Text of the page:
Permission to make digital/hardcopy of all or part of this work for personal or classroom use is granted without fee provided that copies are not made or distributed for profit or commercial advantage, the copyright notice, the title of the publication and its date appear, and notice is given that copying is by permission of ACM, Inc. To copy otherwise, to republish, to post on servers or to redistribute to lists, requires prior specific permission and/or a fee. DAC 2000, Los Angeles, California (c) 2000 ACM 1 -58113-188-7/00/0006..$5.00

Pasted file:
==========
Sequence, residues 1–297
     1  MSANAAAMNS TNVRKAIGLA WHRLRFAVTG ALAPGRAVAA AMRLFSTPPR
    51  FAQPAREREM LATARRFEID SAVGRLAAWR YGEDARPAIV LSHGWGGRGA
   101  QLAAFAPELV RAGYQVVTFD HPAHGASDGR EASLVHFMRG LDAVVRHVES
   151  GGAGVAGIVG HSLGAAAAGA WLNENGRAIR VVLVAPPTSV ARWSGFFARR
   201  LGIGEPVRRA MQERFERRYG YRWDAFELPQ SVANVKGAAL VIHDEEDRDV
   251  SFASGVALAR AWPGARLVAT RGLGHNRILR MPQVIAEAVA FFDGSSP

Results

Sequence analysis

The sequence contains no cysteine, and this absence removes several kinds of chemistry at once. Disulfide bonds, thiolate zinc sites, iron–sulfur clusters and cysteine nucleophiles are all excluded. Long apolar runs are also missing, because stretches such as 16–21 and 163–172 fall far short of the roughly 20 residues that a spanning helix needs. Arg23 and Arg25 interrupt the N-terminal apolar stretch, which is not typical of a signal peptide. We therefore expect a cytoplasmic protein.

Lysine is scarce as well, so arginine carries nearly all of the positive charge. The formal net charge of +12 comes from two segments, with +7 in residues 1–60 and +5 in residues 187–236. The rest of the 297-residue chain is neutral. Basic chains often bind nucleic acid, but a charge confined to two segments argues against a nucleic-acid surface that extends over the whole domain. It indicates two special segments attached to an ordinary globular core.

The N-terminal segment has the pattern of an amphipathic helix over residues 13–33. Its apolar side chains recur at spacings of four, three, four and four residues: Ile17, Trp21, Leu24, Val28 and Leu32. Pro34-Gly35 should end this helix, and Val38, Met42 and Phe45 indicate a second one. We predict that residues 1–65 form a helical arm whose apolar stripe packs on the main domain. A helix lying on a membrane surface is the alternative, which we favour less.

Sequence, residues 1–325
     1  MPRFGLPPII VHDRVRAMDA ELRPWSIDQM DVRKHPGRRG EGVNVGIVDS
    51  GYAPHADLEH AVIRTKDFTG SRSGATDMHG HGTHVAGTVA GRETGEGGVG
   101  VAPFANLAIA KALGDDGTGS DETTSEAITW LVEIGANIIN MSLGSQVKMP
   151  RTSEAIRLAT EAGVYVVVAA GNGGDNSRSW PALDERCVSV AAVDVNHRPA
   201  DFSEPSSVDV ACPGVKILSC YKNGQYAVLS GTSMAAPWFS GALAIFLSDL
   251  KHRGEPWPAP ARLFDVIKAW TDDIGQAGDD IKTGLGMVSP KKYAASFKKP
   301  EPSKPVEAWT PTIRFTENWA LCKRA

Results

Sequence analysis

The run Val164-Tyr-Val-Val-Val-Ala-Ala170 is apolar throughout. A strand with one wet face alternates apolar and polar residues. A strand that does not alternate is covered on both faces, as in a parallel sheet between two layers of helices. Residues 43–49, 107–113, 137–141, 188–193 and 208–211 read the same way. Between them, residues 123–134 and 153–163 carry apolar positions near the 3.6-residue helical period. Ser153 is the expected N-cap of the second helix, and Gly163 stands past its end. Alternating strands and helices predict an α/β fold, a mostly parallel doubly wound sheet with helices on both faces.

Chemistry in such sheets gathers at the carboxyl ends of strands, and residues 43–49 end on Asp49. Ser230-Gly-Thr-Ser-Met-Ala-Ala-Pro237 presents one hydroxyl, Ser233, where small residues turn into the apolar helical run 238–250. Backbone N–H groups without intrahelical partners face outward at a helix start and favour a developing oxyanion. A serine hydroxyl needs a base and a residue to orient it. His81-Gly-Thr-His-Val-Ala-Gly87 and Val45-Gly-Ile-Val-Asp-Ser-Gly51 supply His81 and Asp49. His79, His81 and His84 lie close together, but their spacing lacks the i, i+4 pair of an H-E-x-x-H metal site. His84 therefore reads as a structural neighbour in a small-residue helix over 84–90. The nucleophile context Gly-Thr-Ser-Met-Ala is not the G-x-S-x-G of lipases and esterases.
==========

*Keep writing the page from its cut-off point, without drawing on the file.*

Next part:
the CNF formula ϕ for the circuit is defined by the set union (or conjunction) of the CNF formulas of each gate. and different approaches have been proposed [16. while (TRUE) { if (Deduce (d) != CONFLICT) { if (SAT (d + 1. SAT models have been used in circuit delay computation [28. 42]. Over the years several approaches have been proposed for solving SAT. SAT models have found several applications.x1 x2 x4 x3 z ϕ = ( x 1 + x 3 ) ⋅ ( x 2 + x 3 ) ⋅ ( ¬x 1 + ¬x 2 + ¬x 3 ) ⋅ ( ¬x 3 + z ) ⋅ ( ¬x 4 + z ) ⋅ ( x 3 + x 4 + ¬z ) (a) Consistent assignments ϕ′ = ( x 1 + x 3 ) ⋅ ( x 2 + x 3 ) ⋅ ( ¬x 1 + ¬x 2 + ¬x 3 ) ⋅ ( ¬x 3 + z ) ⋅ ( ¬x 4 + z ) ⋅ ( x 3 + x 4 + ¬z ) ⋅ ( ¬z ) (b) With property z = 0 Figure 1: Example circuit and CNF formula // Input arg: Current decision level d // Output arg: Backtrack decision level β // Return value: SATISFIABLE or UNSATISFIABLE // SAT (d. continuous formulations [33] and algebraic manipulation [15. 3 SAT Applications in EDA This section briefly surveys the application of SAT models to EDA applications. backtrack search [11]. (See [31] for a more detailed account of some of the earlier applications. & β ) { if (Decide (d) != DECISION) return SATISFIABLE. Of these. 30]. With respect to circuit verification. FPGA routing [29. with immediate potential applications in solving covering problems [9]. 27. 25. w j) j ϕx ∏ ( w i + ¬x ) i=1  ⋅   ⋅  i=1 j ∑ ¬w i + x    j  NAND x = NAND(w 1.) One of the most well-know applications is Automatic Test Pattern Generation (ATPG) [20. 34]. 38]. …. return UNSATISFIABLE. Combinational equivalence checking can easily be cast as an instance of SAT. given a combinational circuit it is straightforward to create the CNF formula for the circuit as well as the CNF for proving a given property of the circuit. β ) == SATISFIABLE) return SATISFIABLE. only backtrack search has proven useful for solving instances of SAT from EDA applications. logic synthesis [12] and. in crosstalk noise analysis [8]. recently. The algorithm con- . β ) == CONFLICT) { return UNSATISFIABLE. } } } Figure 2: Generic backtrack search SAT algorithm Gate type AND Gate function x = AND(w 1. This generic SAT algorithm captures the organization of several of the most competitive algorithms [4. w j) ∏ ( ¬wi + x) i=1 j  ⋅  ∑ w i + ¬x   i=1 j  NOR x = NOR(w 1. else if ( β != d || d == 0) { Erase (d). SAT can also be used for solving linear integer optimization problems [3]. w j) ∏ i=1 j  ( ¬w i + ¬x ) ⋅   ∑ wi + x  j  NOT BUFFER x = NOT(w 1) x = BUFFER(w 1) ( x + w 1 ) ⋅ ( ¬x + ¬w 1 ) ( ¬x + w 1 ) ⋅ ( x + ¬w 1 ) testing include delay fault testing [7] and redundancy identification and elimination [17]. in computing prime implicants of Boolean functions [22] and in physical design problems [35]. …. in particular for applications where the objective is to prove unsatisfiability. Hence. } } if (Diagnose (d. and consequently can readily be applied to solving instances of SAT associated with combinational circuits. 19. Other applications in 4. Besides testing. In this section we review modern backtrack search algorithms for SAT and describe recent extensions of the recursive learning paradigm [19] to solving SAT. An example of a SAT-based covering algorithm is described in [23]. w j) ∏ ( wi + x) i=1 j i=1 ∑ ¬wi + ¬x  i=1 OR x = OR(w 1. including local search [32]. SAT algorithms operate on CNF formulas. Table 1: CNF formulas for simple gates 4 Algorithms for Satisfiability view a CNF formula for a gate as a set of clauses. SAT models have also been used for functional vector generation [13]. 26].1 Backtrack Search The overall organization of a generic backtrack search SAT algorithm is shown in Figure 2. 36]. …. …. Additional work has included processor verification [6] and bounded model checking [5].